Thus, the Political Ecology Group states:

“The Gulf War is the culmination of more than a decade of government energy policies that have consistently undermined efforts to promote efficiency and renewable alternatives to oil.”

This policy continues. Last year, West German Parliament set a goal to reduce CO2 emissions by 32 percent over 15 years. The Bush administration, meanwhile, called for more studies of the problem and no action. As Greenpeace’s Peg Stevenson notes, the government “casts polluting industries as the “victims” of a hasty response to the greenhouse threat.” In effect, according to Stevenson, “the oil and energy companies tell the administration what to do and it does it.”

Not surprisingly, then, the current National Energy Strategy, prepared by DOE in the fall of 1990 (and reiterated in Bush’s 1991 State of the Union Message) abandons virtually all conservation and renewable energy options that would reduce our fossil fuel dependence, while simultaneously urging increased tax subsidies which pay oil companies to exhaust U.S. oil supplies as fast as possible. Rather than calling for reduced dependence on foreign oil, the strategy proposes we maintain our present level of oil imports through the year 2010.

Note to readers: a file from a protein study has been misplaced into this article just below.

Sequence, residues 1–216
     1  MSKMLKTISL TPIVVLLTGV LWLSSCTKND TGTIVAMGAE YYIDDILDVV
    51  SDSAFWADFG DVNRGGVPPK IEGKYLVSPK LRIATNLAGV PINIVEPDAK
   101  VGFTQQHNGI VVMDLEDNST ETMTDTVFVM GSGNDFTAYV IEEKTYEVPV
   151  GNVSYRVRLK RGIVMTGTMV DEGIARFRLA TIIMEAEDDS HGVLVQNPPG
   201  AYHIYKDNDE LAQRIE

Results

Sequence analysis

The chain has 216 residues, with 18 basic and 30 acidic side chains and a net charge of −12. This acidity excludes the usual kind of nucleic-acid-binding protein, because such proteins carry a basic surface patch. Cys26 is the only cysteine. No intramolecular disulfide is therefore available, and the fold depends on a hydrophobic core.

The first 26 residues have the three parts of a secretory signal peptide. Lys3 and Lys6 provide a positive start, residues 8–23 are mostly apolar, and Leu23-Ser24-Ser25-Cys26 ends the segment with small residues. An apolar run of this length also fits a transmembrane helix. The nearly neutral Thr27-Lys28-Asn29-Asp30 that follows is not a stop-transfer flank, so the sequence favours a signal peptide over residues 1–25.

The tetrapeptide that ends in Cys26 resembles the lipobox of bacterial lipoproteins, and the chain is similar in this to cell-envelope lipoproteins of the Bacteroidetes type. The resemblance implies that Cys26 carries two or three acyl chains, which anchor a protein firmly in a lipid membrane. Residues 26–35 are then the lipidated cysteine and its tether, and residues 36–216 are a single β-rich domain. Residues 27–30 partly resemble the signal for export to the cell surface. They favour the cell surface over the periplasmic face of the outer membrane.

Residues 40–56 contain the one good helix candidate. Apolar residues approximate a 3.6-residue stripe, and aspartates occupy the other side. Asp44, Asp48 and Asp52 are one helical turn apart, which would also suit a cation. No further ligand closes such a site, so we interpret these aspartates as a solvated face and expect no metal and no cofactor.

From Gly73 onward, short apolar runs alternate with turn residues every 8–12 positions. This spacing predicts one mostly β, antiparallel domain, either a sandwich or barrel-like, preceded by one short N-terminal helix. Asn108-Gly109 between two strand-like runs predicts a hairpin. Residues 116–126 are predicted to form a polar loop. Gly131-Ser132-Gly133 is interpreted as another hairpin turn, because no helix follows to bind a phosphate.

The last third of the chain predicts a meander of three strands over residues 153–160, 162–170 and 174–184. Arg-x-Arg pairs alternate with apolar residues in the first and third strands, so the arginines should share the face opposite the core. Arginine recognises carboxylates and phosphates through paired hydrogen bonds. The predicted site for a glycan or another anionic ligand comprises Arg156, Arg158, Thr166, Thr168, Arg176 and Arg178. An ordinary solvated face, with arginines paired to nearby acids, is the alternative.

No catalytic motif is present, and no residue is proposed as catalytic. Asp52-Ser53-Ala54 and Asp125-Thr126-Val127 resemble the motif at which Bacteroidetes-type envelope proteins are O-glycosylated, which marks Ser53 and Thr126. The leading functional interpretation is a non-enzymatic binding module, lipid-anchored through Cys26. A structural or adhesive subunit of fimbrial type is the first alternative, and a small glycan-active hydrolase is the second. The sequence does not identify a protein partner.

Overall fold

Nobody’s Hanging Yellow ribbons For the Persian Gulf; Part II

by Eric Karlstrom, Geography Professor, California State University, Stanislaus,

The Sierra Runoff, May, 1991

Solutions: A Genuine New World Order, Energy Self-sufficiency, and Lasting Peace

Bush’s New World Order, alas, looks suspiciously like the Old World Order based on U.S. militarism and domination of global resources. The continuous barrage of rhetoric and propaganda we get about freedom and democracy notwithstanding, most U.S. foreign policy this century has been directed toward securing, often militarily, the “right to profit” of American business throughout the world. Based on exploitation and domination, this old world order is self-perpetuating. It guarantees conflict because its victims occasionally rebel. Thus, the government-military-industrial complex thrives at the expense of the rest of the world, at the expense of future generations, and at the expense of true freedom and democracy; even, perhaps especially, in this country.

Preservation of the old order requires that we continue to view the world’s people and environment as “resources” to be exploited for profit by business. Since we enforce our imperial objectives with our military, each of us must also be prepared to risk the extinction of our species and most other species. In the nuclear era, any regional conflict can escalate into a full-scale nuclear war with the potential of destroying billions of people and the earth’s biosphere.

As former President of the Association of Science, Kenneth Boulding, states:

“National defense is now the greatest enemy of national security.”

We will never be secure until these weapons are dismantled, and our military establishment is converted to peaceful concerns, and we are no longer systematically cajoled and deceived by government and the media into having a designated enemy.